Humanitarian crisis in Ukraine continues, affecting economies throughout the world

As countries place sanctions on Russia, the effects can be felt in the United States


Marcus Yam / Los Angeles Times / TNS

Residents carry bags out of an apartment building damaged by a Russian strike in suburban Kyiv, Ukraine on Monday, March 14, 2022.

Bri Quast, Staff Writer

The humanitarian crisis in Ukraine continues as Russia commits possible war crimes in attempts to gain control over major Ukrainian cities. Inflation on energy and oil continues to heighten, per President Joe Biden’s new announcement. 

There have been ceasefires in Kyiv, Kharkiv, Mariupol, and Sumy to let civilians evacuate before Russia increases air strike pressure on them. Russian troops are increasing their attack on Irpin, which is 26 kilometers from Ukraine’s capital, Kyiv. 

Vladimir Putin, Russia’s president, proposed evacuation routes for Ukrainians, but the routes lead to Russia and Belarus. Ukrainian officials called Putin’s offer propaganda, and believe the offer did not come from humanitarian concerns. 

Ukrainian president Volodymyr Zelenskyy has also repeatedly asked NATO to create a no-fly zone in Ukraine. This would allow NATO planes to be sent into Ukrainian airspace to shoot Russian planes down. 

NATO has denied the request, as an act like that would create direct conflict with Russia, risking a major war. Biden has made it clear he does not want the U.S. in conflict with Russia.

Amid the crisis, there have been calls for the International Criminal Court (ICC) to charge Putin with possible war crimes he may have committed. The United Nations have recorded at least 227 civilian deaths and 525 injured persons.  

Russian soldiers have also appeared to be targeting civilians. On Mar. 6, eight unarmed Ukrainian civilians gathered near a bridge in Irpin were killed while attempting to flee to safety.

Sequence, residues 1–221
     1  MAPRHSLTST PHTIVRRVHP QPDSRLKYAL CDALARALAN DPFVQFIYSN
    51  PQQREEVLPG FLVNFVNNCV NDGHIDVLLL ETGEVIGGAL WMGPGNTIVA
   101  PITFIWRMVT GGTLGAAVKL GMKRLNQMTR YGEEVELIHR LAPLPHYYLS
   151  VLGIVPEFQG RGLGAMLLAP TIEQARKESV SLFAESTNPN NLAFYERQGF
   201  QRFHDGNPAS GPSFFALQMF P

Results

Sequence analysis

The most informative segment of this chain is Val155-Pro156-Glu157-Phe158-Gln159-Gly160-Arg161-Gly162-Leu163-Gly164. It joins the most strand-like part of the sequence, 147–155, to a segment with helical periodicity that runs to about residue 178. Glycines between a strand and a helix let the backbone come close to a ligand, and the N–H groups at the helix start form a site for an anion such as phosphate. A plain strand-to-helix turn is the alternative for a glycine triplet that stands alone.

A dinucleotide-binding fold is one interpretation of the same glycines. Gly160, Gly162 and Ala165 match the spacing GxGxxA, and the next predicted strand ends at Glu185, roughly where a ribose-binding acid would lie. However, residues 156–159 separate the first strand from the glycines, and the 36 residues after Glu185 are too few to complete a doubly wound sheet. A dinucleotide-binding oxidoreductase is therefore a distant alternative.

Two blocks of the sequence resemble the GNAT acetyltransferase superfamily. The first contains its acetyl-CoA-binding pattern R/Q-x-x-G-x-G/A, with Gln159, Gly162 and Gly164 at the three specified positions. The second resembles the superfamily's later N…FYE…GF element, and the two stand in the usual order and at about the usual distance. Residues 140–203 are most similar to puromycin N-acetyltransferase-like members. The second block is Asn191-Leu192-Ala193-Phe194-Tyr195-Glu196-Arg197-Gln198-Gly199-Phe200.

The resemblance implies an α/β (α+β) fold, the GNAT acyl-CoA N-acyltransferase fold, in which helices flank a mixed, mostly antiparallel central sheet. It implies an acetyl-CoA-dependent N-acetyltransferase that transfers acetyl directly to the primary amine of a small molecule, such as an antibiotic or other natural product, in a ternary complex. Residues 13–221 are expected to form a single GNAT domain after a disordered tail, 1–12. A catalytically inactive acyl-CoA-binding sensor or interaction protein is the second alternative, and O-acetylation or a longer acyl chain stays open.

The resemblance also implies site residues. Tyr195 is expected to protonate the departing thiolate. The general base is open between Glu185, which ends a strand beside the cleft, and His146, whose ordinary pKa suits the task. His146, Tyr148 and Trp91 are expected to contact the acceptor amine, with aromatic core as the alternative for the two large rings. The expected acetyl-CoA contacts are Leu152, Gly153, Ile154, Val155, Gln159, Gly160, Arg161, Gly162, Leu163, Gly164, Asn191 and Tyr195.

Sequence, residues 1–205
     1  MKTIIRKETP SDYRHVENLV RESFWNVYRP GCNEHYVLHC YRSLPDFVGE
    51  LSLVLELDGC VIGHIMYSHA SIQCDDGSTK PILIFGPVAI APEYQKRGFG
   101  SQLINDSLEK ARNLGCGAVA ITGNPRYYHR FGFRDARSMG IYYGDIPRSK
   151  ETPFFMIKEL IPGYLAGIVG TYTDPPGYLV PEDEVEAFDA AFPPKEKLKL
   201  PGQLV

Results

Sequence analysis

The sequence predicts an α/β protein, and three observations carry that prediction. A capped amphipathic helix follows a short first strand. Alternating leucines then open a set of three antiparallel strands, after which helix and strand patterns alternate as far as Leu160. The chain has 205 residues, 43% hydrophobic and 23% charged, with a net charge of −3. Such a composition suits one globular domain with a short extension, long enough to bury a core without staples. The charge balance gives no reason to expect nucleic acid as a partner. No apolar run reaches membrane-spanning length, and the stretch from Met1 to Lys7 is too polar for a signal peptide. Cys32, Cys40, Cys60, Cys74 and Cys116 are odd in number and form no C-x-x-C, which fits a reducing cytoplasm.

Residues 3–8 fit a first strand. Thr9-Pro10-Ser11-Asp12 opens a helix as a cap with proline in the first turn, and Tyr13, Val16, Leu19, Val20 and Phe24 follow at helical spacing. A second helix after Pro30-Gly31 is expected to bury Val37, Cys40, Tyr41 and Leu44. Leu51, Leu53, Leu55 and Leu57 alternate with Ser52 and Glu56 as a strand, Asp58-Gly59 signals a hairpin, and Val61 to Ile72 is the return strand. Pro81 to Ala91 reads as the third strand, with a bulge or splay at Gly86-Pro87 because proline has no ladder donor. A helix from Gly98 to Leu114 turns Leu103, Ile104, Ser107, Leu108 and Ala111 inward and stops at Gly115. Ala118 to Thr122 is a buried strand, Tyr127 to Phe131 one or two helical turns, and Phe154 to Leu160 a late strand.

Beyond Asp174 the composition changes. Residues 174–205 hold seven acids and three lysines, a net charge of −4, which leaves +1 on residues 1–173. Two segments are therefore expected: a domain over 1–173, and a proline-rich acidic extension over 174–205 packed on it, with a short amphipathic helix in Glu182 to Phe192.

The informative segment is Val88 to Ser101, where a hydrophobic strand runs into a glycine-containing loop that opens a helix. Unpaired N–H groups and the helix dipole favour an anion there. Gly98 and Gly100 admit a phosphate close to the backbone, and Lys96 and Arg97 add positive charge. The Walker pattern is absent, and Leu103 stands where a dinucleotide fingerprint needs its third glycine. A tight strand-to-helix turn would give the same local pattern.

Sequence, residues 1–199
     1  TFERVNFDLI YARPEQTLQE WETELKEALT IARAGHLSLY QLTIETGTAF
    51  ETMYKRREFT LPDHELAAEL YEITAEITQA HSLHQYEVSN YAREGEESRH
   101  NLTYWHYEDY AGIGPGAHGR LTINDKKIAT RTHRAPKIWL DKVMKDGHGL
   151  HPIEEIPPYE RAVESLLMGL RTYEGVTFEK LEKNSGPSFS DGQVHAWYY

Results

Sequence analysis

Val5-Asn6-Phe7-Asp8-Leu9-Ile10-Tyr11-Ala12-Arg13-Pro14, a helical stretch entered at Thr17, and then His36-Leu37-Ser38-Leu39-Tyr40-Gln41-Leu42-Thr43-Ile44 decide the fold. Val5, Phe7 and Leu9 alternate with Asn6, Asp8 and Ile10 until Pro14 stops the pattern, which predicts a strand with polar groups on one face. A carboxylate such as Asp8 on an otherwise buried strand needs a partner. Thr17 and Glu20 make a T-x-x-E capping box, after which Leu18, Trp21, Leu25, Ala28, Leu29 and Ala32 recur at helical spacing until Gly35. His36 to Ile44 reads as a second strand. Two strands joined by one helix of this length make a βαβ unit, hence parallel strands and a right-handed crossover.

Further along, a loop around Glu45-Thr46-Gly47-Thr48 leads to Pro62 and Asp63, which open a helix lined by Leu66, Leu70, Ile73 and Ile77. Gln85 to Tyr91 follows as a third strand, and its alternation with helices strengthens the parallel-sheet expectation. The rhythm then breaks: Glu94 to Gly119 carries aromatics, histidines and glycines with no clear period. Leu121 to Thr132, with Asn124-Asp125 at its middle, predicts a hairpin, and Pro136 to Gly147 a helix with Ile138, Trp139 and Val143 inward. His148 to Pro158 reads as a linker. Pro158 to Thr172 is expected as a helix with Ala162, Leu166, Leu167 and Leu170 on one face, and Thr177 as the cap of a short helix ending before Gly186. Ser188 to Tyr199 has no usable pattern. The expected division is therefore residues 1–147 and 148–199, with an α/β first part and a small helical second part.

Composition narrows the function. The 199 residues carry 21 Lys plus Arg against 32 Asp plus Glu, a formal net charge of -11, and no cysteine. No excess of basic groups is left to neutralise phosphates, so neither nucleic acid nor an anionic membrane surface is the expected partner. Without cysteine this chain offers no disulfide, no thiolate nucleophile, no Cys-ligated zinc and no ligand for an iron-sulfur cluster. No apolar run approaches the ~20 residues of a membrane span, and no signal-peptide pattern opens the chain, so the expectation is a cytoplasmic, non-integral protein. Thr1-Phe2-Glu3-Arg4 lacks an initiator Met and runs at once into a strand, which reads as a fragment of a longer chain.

“A family died in front of my eyes. Two small children and two adults died,” said Oleksandr Markushyn, Irpin’s mayor, in a statement.

On Mar. 7, Zelenskyy said his country will have to “rebuild everything,” following reports of Russian forces firing on a bread factory, killing 13 people, and destroying a 160-year-old church. A maternity and children’s hospital was also hit, injuring seventeen and killing three.

In the United States, the economy has started to experience the effects from the war. Due to new sanctions banning Russian oil and energy imports, gas prices will rise even more than they did during the COVID-19 pandemic. 

“Putin’s war is already hurting American families at the gas pump,” said Biden. “Since Putin began his military build-up at Ukrainian borders…the price of gas at the pump in America went up 75 cents…I’m going to do everything I can to minimize Putin’s price hike here at home.”

In February, oil was selling for $90 a barrel, but prices went up to $130. Energy analysts warn Americans gasoline prices could push past $5 a gallon.  

Sanctions on Russia are also causing significant damage to the Russian economy, as their currency has declined in value. One ruble now holds a face value less than one American penny. 

In the midst of the war, countries have stepped up to help Ukrainian citizens seeking refuge. Poland has already taken in about 1 million refugees, and neighboring countries have opened up their borders as well. 

While the crisis remains, Ukrainian troops stand stronger than anyone would have expected. Help from neighboring countries also gives some hope against the darkness reigning over Europe.